The British designers collaborated with the Liberty design team to create a print for the Spring/Summer 2014 Gallery of Prints collection. Their print, ‘Summer’, is a surreal landscape created with the brand’s signature freedom of expression. Harry and Polly would use their print to create clothing, teddy bears and home furnishings. We caught up with them to find out more about their unique collaboration with Liberty.
Having been spotted at Liberty Best of British in 2010, what does it mean to you to be asked to collaborate on a Liberty print fabric?
We felt honoured to be able to collaborate on a Liberty print. It’s wonderful to be part of such a historic side of the Liberty business and wonder what people will be making with the cloth. I’d love to see some kind of patchwork teddy.
How do you think your print represents both your own brand and Liberty?
The Draw in Light signature is based around a free-hand approach to silk screen printing, combined with delicate illustration. This is represented in the landscape and trees. I think the magic of the Liberty team is to take a large scale print like this and put it into a beautiful repeat and scale that works perfectly for the fabric.
What was your favourite part of the design process?
Splashing paint around in our studio and of course coming to see the Liberty print archive – an Aladdin’s cave of print and colour.
Is the design process for a fashion print similar to when you design a print for fabric?
Absolutely identical. I think the only difference in fashion is that you have to consider flattering colour and scale. Really a lot of our prints could be placed on any object; fashion is just our way to display our print.
Did you use any unusual techniques to create your design?
We are very hands on. We mix all our colours from our studio and print with mostly free-hand. This means we can print in a loose, creative way, meaning our prints are really unique. More like ready-to-wear art.
Will you be making anything out of your Liberty print and if so, what?
We have made some cushions. Simple but beautiful! It’s lovely to see the spectrum of colour.
What can we expect in 2014 from Draw in Light? Any new year’s resolutions for the brand?
We are very focused this year. It’s about British heritage and our take on what we consider classic. I think our constant resolution every year will be to be inspired and yet always refine our ideas.
What do you love most about the Liberty store?
The consortium of stock and heritage. We try and visit at least once a month to buy presents and check on our rail.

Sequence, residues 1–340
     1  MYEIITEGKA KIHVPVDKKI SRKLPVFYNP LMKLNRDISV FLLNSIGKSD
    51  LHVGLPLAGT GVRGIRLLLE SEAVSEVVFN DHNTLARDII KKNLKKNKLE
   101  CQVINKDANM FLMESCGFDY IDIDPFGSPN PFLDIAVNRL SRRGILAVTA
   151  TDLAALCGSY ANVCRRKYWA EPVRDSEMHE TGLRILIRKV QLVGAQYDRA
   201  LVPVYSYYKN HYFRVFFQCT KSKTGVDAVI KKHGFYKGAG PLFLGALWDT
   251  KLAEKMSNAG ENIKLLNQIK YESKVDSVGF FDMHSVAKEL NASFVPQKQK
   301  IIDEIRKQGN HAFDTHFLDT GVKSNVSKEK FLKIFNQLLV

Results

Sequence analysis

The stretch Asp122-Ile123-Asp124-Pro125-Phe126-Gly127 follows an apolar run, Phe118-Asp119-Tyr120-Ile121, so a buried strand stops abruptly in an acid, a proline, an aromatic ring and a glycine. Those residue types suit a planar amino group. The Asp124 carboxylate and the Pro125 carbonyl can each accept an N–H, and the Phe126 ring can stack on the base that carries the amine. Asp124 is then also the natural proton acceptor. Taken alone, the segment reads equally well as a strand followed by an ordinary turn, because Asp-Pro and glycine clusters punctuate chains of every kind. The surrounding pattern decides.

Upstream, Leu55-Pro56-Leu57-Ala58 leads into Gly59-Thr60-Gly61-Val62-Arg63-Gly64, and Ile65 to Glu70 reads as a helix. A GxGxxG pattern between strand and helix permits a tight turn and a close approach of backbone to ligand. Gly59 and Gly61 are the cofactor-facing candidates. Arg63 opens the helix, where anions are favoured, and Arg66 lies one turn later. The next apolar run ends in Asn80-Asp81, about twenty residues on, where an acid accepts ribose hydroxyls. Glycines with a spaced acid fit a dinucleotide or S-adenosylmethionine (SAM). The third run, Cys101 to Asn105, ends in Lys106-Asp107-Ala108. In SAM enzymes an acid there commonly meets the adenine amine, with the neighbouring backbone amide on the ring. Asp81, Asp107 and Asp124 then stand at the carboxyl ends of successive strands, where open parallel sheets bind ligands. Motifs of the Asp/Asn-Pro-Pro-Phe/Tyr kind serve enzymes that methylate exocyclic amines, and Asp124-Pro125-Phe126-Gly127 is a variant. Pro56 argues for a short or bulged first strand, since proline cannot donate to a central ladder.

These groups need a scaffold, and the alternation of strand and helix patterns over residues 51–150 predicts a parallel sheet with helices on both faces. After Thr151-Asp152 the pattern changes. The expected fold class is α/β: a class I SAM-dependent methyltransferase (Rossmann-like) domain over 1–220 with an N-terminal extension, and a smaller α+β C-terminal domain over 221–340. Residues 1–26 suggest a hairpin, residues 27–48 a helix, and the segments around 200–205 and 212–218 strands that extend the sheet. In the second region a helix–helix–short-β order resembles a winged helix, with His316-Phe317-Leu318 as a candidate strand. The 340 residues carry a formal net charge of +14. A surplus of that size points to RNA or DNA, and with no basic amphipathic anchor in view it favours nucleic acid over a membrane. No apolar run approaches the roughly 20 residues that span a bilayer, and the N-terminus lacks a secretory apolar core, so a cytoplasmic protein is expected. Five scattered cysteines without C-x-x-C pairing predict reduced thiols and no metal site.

Discover and shop more prints from the new season Liberty Art Fabrics collection >
Helen Bullock has attended fashion shows all over the world in her capacity as a designer and illustrator. For London Fashion Week, we asked her to collaborate on a window display with the Liberty Visual Merchandising team – the result is a colourful celebration of all things fashion, Liberty and London. Read our interview with Helen to discover how the windows came about and visit them yourself on Great Marlborough Street.
What were your first thoughts for the Liberty windows? Do you feel this has been reflected in the finished result?
I had a variety of meetings with the VM team, and we all seemed keen that the window should be heavy with colour and texture, and more than anything feel very hand-done so you get the sense of creativity behind it. As I got further along in the design process, it became clear to me that the key to window’s development was energy – I was really keen to get a sense of immediacy within it, to keep it feeling alive.
Which aspects of London Fashion Week did you want to evoke in your display?
The creativity and diversity that London is known for.
Did you draw inspiration from and London Fashion Week designers?
Not one specific designer, but I think the boldness and bravery we see in British fashion was a driving force.
How do you think Liberty best represents London designers?
I think Liberty selects some great pieces for the store that really reflect the talent of the city’s designers. As a very new designer/illustrator, I was really encouraged to have collaborated with a store of such great establishment. It reflects that Liberty is a store prepared to take risks and really support London’s creative community.
See more of our London Fashion Week windows and our window archive here.
What was your favourite part of the window dressing process?
From start to finish, every element was new and exciting. Having one of your favourite stores say that they want to work with you was such an incredible moment. Also the freedom I was given throughout the whole process made it such a great experience. Actually getting into the store and making everything start to become real was daunting yet really invigorating, and being amongst a really great team furthered the enjoyment. I’ve never painted/scribbled on windows before… that was definitely fun, like a form of permitted vandalism! Something I’d like to do more of.
How did designing Liberty’s windows differ from your usual design work?
It’s hard to describe actually – the work I do for myself is always on quite a large scale, so I didn’t really think it would be that different. However, really did take a long time to get my head around. The windows have lots of different planes and borders – I took quite a few trips to the store to stand staring at the windows for ages (looking insane no doubt). In the end though I had to go back to thinking of them as a flat canvas. It was all a very fluid process, and I had to be continually in the moment, and prepared to be flexible with my ideas. Quite nerve racking, but very exciting.
What does London Fashion Week represent for you, as opposed to Paris/New York/Milan?
Well, I’m here in the city for a start, with quite a few of my friends showing their work. It feels quite intimate really, a scene that you can be part of. It’s fun and unexpected. I always see the other [cities] as a little more grown-up and sophisticated – London is perhaps the teenager of the bunch, still experimenting and growing.
Where would you love to see one of your illustrations in the future?
I have a lot of my work online with various magazines that I work with, but it would be great to see them in the real world in a tangible format. I’d love to work directly with designers as part of their visual merchandising or look books, but really somewhere large like a bus! I love when things get taken to a large scale.
See more of the windows and past displays from our archive here